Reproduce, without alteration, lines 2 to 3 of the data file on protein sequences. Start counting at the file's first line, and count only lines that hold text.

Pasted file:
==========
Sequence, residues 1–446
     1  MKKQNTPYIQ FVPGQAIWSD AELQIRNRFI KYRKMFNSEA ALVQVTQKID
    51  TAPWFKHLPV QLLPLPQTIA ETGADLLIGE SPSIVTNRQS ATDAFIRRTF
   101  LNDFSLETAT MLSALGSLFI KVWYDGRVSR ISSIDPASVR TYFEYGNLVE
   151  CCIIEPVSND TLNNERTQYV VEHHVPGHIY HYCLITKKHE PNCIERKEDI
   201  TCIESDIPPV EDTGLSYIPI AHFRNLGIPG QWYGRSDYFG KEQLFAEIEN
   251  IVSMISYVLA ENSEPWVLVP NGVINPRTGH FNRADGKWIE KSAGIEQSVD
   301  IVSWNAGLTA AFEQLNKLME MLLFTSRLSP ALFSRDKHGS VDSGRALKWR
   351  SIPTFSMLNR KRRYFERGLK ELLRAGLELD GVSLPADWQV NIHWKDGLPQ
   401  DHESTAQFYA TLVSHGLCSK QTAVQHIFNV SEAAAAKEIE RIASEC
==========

     1  MKKQNTPYIQ FVPGQAIWSD AELQIRNRFI KYRKMFNSEA ALVQVTQKID
    51  TAPWFKHLPV QLLPLPQTIA ETGADLLIGE SPSIVTNRQS ATDAFIRRTF